Political Insider

An AJC blog about Atlanta politics, Georgia politics, Georgia and metro Atlanta election campaigns. Because all politics is local.

Georgia 2018: After shotgun ad, Kemp features explosions and chainsaws 


Fresh off a gun-filled ad that stirred controversy, Secretary of State Brian Kemp tried to outdo himself with a new 30-second spot that featured firearms, explosions and a pledge that he would “round up criminal illegals” himself if needed.

Kemp, one of five Republicans running for governor, is ratcheting up his TV messaging before the May 22 GOP primary. And he wanted to build on the attention – and free media – sparked by an ad earlier this month showing him cleaning a shotgun beside a young man courting his daughter.

This spot takes viewers through a barrage of images to remind voters of his tough-on-crime policies and his Second Amendment positions. It comes as polls show he’s locked in a statistical tie for the second spot in a likely July runoff against Lt. Gov. Casey Cagle. 

“I’m so conservative, I blow up government spending,” he says, as a flash of fire and smoke erupt behind him.

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“I own guns that no one’s taking away,” he says, pumping a shotgun.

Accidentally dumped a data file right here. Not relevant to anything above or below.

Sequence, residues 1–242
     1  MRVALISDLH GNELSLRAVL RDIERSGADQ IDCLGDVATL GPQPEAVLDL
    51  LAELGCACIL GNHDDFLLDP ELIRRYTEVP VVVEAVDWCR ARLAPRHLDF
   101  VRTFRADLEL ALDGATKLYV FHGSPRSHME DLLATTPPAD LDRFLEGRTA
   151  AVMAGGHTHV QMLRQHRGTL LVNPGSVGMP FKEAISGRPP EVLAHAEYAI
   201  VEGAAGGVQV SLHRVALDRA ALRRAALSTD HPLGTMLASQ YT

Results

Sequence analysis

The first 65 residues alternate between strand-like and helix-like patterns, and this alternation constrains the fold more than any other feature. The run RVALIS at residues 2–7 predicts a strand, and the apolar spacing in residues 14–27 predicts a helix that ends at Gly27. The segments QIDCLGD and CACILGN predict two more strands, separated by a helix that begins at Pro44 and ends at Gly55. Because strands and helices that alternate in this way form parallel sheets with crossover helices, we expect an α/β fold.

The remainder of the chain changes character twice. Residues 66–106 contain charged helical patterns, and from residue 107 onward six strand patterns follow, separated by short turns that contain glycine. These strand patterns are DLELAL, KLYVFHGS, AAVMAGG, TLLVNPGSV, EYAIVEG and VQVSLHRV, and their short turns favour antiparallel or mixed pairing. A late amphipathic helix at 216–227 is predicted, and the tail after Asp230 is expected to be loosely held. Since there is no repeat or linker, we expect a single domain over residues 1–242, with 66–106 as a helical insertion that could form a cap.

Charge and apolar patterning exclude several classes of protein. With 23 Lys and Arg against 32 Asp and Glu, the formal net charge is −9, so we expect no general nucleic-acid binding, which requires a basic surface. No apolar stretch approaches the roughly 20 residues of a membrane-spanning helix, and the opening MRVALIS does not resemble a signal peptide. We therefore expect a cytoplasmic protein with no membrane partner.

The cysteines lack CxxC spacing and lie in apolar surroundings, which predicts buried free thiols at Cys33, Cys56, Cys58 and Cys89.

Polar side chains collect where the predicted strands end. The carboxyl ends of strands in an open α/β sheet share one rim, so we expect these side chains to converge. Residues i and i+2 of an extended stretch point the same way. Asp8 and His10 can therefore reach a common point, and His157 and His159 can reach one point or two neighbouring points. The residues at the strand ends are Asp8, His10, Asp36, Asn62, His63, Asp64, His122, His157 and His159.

“My chainsaw is ready to rip up some regulations,” he says, revving one up for good measure.

“I got a big truck, just in case I need to round up criminal illegals and take ‘em home myself,” he says slamming the door. “Yep, I just said that.” 

“I’m Brian Kemp. If you want a politically incorrect conservative, that’s me.”

Watch the ad yourself:

More recent AJC coverage of the race for governor:

Why Georgia Republicans are shifting to the right on guns 

Brian Kemp: His pitch to conservatives leans hard on law and order 

Hunter Hill: Military vet wages running war on ‘career politicians’ 

Evans bets on gambling as new divide in gov race 

Two gun groups, two endorsements in Georgia’s GOP race for governor 

Casey Cagle: A GOP favorite tries to fend off conservative attack 

How Gov. Deal is shaping the race to succeed him 

Georgia 2018: Kemp braces for attack by pro-Cagle group 

Abrams faces criticism in dispute over 2015 Georgia redistricting bill 

About the Author

Greg Bluestein is a political reporter who covers the governor's office and state politics for The Atlanta Journal-Constitution.

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